Recent early seasonal outbreaks of norovirus in some North Carolina long-term care facilities have prompted state public health officials to issue advice on steps everyone can take to avoid this common and unpleasant gastrointestinal illness.
“We recommend vigorous and thorough hand washing with soap and water as the most effective way to protect yourself and others against norovirus,” State Epidemiologist Dr. Megan Davies said. “Hand sanitizers are not as effective against this hardy virus.”
Noroviruses are extremely contagious and spread through contact with the stool or vomit of an infected person. This can occur either while the person is sick or after they have begun to recover. Noroviruses are easily transmitted by touching contaminated surfaces or by direct contact or eating food or drinking liquids that have been contaminated with the virus. Because noroviruses are difficult to kill with normal cleaning and disinfecting procedures, contaminated surfaces should be cleaned immediately and disinfected with a diluted bleach solution or a bleach-based household cleaner.
Symptoms include nausea, vomiting, diarrhea, and stomach cramping. Some individuals may have fever, chills, headache, muscle aches and a general sense of tiredness. The symptoms can begin suddenly and an infected person may go from feeling well to feeling very sick in a very short period of time. In most people, the illness lasts about one or two days. Infection can be more severe in young children and elderly people; dehydration can occur rapidly and may require medical treatment or hospitalization.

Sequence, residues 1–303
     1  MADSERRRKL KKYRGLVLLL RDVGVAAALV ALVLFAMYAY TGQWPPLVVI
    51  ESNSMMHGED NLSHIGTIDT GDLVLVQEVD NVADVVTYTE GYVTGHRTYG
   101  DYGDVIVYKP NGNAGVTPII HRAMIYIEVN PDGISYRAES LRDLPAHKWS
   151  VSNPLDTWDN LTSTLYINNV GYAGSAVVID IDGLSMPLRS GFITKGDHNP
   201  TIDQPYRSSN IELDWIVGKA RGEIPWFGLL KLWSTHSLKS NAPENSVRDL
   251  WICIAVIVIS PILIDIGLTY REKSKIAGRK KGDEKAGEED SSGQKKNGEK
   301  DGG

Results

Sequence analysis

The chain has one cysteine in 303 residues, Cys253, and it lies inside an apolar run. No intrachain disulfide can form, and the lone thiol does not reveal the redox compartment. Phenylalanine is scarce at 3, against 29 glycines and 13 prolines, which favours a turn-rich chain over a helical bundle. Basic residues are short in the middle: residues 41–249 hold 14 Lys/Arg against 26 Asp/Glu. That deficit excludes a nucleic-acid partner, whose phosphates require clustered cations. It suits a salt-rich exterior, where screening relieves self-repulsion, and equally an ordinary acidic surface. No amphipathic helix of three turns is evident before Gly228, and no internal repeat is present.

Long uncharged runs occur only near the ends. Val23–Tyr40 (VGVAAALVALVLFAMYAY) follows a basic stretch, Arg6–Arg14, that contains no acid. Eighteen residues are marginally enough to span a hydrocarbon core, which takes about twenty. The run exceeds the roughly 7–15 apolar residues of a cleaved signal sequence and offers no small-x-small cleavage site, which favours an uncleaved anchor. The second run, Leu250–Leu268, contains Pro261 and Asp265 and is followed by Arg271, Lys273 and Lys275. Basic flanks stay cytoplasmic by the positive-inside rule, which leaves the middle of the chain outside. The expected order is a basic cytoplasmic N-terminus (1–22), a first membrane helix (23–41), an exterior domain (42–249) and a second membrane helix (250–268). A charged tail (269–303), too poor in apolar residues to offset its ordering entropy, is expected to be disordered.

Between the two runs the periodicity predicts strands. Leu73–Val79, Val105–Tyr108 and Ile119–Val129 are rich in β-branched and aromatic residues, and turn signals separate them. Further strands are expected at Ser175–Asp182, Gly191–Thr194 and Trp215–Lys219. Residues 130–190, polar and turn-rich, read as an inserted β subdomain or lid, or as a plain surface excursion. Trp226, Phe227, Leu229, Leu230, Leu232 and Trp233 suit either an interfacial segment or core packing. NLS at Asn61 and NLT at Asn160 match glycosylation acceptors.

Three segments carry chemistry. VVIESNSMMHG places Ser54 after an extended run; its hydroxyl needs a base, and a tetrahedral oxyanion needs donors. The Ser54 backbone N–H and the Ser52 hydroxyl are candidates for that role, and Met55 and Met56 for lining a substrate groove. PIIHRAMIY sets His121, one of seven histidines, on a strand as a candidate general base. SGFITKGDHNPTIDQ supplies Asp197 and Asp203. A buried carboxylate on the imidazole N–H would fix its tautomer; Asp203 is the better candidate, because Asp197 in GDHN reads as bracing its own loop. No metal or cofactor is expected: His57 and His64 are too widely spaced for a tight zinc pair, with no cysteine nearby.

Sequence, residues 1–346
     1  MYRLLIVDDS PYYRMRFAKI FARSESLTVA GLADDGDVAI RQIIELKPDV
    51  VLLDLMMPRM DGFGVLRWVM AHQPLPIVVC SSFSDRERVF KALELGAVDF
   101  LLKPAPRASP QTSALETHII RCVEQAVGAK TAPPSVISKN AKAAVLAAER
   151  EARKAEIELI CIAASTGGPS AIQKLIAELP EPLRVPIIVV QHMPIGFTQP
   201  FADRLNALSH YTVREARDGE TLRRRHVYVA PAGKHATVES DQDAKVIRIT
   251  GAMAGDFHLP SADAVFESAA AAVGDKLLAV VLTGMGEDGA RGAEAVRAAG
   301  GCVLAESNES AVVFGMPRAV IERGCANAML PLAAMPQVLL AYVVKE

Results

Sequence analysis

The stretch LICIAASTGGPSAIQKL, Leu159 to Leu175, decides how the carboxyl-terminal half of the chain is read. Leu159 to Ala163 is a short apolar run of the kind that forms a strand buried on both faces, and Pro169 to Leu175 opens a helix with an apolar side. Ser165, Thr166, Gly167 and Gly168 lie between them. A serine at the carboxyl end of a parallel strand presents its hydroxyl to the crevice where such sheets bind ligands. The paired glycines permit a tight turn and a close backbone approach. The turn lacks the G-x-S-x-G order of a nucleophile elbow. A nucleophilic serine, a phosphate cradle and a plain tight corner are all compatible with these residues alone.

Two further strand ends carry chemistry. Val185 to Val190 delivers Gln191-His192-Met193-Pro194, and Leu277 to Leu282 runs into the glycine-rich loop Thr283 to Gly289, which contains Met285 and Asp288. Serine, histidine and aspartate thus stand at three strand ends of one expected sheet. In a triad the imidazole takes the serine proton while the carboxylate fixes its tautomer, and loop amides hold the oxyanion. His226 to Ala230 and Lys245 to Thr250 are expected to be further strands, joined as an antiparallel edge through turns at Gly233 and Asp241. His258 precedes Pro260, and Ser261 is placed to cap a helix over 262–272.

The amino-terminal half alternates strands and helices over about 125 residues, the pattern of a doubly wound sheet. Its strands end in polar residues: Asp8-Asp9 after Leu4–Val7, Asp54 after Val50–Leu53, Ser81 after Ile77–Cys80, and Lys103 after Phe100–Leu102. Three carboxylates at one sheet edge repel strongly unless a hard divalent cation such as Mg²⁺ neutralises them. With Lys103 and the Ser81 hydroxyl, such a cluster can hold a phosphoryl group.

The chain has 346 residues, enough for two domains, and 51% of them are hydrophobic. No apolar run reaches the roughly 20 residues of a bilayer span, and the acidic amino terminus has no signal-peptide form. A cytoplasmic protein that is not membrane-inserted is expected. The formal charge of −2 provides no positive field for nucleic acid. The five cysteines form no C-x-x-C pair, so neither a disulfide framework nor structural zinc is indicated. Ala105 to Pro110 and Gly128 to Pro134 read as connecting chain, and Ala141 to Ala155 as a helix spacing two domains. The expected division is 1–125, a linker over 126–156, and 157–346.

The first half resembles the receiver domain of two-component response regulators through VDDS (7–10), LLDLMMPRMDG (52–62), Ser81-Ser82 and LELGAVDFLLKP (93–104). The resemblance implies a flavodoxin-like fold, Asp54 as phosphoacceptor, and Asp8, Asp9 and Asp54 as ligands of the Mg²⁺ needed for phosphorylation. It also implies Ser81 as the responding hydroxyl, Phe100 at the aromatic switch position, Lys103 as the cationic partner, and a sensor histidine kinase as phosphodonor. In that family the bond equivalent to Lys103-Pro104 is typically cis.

“Unfortunately, there are no specific medications to treat norovirus, but infected people should drink plenty of liquids to replace fluid lost through vomiting and diarrhea,” Davies said. “The best course of action is prevention.”
Davies offered several simple steps to take if you suspect the presence of a norovirus:
More information about norovirus from the Division of Public Health.